Are You Turning Into Your Mom?
How to cut your odds of breast cancer, osteoporosis, depression, and immune diseases -- even if your mom had them.
Breast Cancer continued...
Alcohol. Moderate alcohol intake -- one glass of wine or beer or less, on average, per day -- does not raise your risk of breast cancer. But regularly drinking two or three alcoholic beverages a day does increase that risk --so keep your alcohol intake moderate, at most.
Hormone replacement therapy. It’s known that hormone replacement therapy after menopause elevates the risk of breast cancer, so women with a family history of the disease might want to be especially cautious about taking HRT.
Pregnancy. Having your first baby before age 30 may cut your breast cancer risk, as does breastfeeding. The longer you breastfeed, the greater the protection. “You’re not necessarily going to plan your life around these factors, but, for example, since breastfeeding is very healthy anyway, this can be an added incentive to nurse and nurse longer,” Chung says.
Weight. Maintaining a healthy body weight helps to lower your risk of many cancers, including breast cancer.
You can combine these lifestyle choices with being more vigilant about screening.
“We’re more successful at curing breast cancer the earlier we catch it, so if you have a strong family history, you’re the type of person who should definitely get a mammogram starting at a younger age than usual," Chung says. "Depending on how strongly the disease runs in your family, you might also consider regular breast MRIs.”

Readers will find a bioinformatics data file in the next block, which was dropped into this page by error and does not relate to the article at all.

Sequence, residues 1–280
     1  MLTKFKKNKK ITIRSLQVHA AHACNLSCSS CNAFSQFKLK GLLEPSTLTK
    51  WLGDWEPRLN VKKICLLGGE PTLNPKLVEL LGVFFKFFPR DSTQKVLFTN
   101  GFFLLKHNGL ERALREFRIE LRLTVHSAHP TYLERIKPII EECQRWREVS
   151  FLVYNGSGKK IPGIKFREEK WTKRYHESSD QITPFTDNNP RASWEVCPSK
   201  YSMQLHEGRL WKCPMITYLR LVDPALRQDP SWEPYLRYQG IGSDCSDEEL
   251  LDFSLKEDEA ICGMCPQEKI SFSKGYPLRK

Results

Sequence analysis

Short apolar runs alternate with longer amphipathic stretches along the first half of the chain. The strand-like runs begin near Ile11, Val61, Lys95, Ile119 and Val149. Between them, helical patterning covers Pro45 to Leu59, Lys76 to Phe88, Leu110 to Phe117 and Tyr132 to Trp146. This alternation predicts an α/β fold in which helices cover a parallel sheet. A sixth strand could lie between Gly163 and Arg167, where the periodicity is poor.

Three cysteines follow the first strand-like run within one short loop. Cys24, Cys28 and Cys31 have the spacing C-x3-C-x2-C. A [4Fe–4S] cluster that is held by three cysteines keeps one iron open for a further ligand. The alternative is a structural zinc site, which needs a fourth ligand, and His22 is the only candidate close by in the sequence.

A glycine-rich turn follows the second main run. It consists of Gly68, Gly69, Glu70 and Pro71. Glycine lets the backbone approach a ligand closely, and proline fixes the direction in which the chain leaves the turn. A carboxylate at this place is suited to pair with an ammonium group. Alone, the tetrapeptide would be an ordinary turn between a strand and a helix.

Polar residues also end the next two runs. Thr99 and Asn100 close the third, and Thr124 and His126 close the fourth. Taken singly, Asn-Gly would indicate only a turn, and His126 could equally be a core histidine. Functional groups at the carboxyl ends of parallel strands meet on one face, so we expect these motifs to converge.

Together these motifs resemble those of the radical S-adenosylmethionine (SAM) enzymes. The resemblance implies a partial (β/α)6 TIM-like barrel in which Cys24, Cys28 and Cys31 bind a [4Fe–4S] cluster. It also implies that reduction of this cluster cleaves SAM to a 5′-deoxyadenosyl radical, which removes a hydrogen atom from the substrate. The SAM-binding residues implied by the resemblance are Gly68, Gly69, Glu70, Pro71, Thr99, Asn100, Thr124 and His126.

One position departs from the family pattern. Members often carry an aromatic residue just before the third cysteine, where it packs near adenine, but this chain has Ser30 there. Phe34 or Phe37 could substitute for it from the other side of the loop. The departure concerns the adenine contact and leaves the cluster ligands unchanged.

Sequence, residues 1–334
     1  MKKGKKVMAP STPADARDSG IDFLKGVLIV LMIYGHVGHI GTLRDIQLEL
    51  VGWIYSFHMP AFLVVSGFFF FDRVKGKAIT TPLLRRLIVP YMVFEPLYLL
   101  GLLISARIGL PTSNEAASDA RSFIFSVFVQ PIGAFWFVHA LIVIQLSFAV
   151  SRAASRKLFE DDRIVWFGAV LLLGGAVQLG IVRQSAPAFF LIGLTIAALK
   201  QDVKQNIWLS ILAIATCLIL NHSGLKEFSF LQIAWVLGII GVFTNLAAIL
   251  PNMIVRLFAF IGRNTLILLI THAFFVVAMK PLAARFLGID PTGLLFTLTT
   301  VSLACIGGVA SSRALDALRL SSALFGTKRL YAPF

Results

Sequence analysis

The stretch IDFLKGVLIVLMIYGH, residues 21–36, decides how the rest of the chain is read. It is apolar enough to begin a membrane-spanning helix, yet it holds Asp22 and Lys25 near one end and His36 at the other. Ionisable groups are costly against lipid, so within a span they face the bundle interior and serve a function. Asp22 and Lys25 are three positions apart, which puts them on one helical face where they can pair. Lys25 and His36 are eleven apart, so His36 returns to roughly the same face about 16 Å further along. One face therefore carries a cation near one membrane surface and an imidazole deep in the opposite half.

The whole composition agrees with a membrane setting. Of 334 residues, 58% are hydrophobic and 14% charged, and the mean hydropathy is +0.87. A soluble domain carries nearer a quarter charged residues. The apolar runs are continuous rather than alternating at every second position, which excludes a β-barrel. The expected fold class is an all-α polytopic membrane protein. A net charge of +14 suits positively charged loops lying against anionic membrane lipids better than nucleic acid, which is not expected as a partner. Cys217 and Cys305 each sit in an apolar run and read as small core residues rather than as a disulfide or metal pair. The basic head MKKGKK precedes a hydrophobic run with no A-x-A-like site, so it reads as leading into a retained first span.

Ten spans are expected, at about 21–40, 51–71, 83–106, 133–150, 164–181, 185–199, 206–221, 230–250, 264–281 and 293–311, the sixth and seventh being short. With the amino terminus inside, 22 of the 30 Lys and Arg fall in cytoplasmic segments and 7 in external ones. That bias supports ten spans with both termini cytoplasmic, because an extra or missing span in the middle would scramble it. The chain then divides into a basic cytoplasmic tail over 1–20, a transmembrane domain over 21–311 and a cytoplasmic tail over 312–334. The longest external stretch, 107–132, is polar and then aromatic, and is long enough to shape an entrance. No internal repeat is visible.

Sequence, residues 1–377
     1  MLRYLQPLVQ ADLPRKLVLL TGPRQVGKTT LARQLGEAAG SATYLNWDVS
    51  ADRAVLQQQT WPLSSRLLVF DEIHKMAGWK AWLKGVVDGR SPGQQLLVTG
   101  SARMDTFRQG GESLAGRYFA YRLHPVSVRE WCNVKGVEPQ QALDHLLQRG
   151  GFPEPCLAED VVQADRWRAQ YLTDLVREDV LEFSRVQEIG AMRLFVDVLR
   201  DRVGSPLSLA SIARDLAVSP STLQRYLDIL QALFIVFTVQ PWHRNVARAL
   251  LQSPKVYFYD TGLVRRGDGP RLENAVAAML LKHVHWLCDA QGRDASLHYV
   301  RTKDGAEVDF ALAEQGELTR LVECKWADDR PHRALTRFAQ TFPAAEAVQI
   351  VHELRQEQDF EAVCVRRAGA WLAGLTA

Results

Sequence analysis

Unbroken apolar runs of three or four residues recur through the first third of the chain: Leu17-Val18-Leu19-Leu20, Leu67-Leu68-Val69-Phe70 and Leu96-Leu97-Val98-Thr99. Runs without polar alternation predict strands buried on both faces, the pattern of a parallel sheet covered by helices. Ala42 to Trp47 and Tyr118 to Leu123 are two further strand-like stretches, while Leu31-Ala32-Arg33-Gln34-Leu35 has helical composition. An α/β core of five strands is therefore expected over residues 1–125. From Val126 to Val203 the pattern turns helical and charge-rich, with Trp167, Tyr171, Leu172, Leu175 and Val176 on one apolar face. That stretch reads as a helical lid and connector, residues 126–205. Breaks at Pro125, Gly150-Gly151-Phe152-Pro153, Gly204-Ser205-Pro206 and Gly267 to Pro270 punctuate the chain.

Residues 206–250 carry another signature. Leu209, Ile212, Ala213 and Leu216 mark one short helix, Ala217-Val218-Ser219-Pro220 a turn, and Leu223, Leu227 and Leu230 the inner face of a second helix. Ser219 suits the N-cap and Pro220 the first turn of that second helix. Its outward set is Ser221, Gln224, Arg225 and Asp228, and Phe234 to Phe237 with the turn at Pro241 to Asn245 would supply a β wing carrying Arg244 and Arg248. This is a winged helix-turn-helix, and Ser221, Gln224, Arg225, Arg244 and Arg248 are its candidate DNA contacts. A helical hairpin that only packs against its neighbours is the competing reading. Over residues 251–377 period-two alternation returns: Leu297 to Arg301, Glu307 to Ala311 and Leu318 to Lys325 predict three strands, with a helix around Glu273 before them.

A combination of lifestyle choices and enhanced vigilance can help women do their best to ward off almost any disease they might worry about inheriting from their mothers, Chung says.
Osteoporosis isn’t quite as strongly genetically linked as breast cancer can be, but there are family factors that put you at higher risk.
Smaller-framed Asian and Caucasian women are at particular risk for osteoporosis. So if you inherited that body type from your mom, you need to take particular care of your bones.
“If your mom had a hip fracture, or what we call ‘the dwindles’ -- literally shrinking as she gets older -- there are things you can do,” Chung says.